2m 9s
  9. 8m 55s
    1. Learning about the parametric and point tone curves
      4m 53s
    2. Using the parametric curve
      2m 7s
    3. Using the point curve
      1m 55s
  10. 15m 29s
    1. Removing blemishes on a face
      4m 36s
    2. Cloning away small background distractions
      3m 37s
    3. Removing distracting background elements
      1m 55s
    4. Cleaning up a studio background
      1m 31s
    5. Removing dust on the lens or the camera sensor
      2m 25s
    6. Removing red-eye
      1m 25s
  11. 46m 13s
    1. Demystifying the Adjustment Brush
      3m 37s
    2. Correcting exposure by brightening shadows
      2m 23s
    3. Painting an effect into a photograph
      4m 41s
    4. Increasing visual interest by brightening shadows
      4m 3s
    5. Increasing visual interest by heightening saturation
      5m 0s
    6. Whitening teeth
      3m 33s
    7. Adding color to makeup
      5m 58s
    8. Changing color
      4m 12s
    9. Selective sharpening
      6m 8s
    10. Eye sharpening and skin smoothing workflow
      4m 28s
    11. Creating custom Adjustment Brush presets
      2m 10s
  12. 11m 33s
    1. Enhancing the foreground and background of an image with the Graduated Filter
      4m 55s
    2. Reducing exposure with the Graduated Filter
      3m 15s
    3. Creative effects with the Graduated Filter
      3m 23s
  13. 33m 26s
    1. Noise reduction
      6m 33s
    2. Reducing noise and sharpening
      6m 36s
    3. Sharpening more effectively
      7m 18s
    4. Edge sharpening in an architectural photograph
      3m 1s
    5. Sharpening a portrait
      2m 3s
    6. Using the Detail panel to soften skin
      7m 55s
  14. 16m 18s
    1. Introducing HSL
      3m 38s
    2. Modifying color and tone
      3m 52s
    3. Enhancing a fashion photograph
      3m 5s
    4. Enhancing color and tone with HSL
      3m 16s
    5. Getting creative with color
      2m 27s
  15. 13m 59s
    1. The black-and-white controls
      2m 43s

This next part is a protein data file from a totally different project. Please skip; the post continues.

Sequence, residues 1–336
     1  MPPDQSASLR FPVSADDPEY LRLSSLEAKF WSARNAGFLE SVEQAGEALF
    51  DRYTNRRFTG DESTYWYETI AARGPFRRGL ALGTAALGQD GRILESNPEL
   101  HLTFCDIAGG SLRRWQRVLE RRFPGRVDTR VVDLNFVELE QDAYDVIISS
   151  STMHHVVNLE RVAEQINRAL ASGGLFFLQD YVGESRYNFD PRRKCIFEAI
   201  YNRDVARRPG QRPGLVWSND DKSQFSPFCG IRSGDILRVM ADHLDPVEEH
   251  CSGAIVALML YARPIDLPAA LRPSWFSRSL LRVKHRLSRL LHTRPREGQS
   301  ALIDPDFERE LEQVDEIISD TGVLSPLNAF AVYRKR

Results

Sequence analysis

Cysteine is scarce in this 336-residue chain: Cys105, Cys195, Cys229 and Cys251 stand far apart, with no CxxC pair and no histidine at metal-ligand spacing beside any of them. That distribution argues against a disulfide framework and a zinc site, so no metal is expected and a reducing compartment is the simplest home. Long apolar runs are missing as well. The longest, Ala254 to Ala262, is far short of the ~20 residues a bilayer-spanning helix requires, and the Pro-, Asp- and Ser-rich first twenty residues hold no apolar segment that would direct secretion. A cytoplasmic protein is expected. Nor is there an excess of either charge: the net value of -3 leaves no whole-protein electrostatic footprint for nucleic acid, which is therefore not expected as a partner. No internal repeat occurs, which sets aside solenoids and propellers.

2. A simple black-and-white conversion
      2m 5s
    3. Using multiple panels to create a black-and-white image
      3m 52s
    4. Creating a dramatic black-and-white landscape
      5m 19s
  16. 6m 40s
    1. Traditional black-and-white toning
      3m 26s
    2. Toning a color photo creatively
      3m 14s
  17. 11m 17s
    1. Deconstructing the Lens Correction controls
      3m 48s
    2. Correcting lens vignette
      1m 59s
    3. Correcting lens vignette more quickly
      1m 21s
    4. Correcting chromatic aberration and defringing
      4m 9s
  18. 16m 30s
    1. Understanding the Effects controls
      5m 54s
    2. Using the Post Crop Vignette for creative effects
      3m 23s
    3. Adding film grain to a black-and-white image
      2m 18s
    4. Adding film grain with Camera Raw and Photoshop
      4m 55s
  19. 14m 4s
    1. Introducing the Camera Calibration panel
      3m 39s
    2. Comparing color options with Snapshot
      2m 47s
    3. Creative color with the Camera Calibration controls
      4m 48s
    4. Camera Calibration resources
      2m 50s
  20. 9m 41s
    1. Introducing presets
      2m 27s
    2. Applying presets to multiple images
      3m 9s
    3. Preset resources
      4m 5s
  21. 10m 0s
    1. Quick raw processing of multiple files
      4m 38s
    2. Recording an action
      3m 15s
    3. Batch processing multiple images
      2m 7s
  22. 13m 52s
    1. Creative vivid color
      3m 30s
    2. Working with split toning
      2m 14s
    3. Applying soft and warm colors
      1m 25s
    4. Adding warm, muted colors
      2m 28s
    5. Adding and reducing false color
      4m 15s
  23. 7m 58s
    1. Additional resources
      3m 11s
    2. Camera Raw and Lightroom
      4m 19s
    3. Goodbye
      28s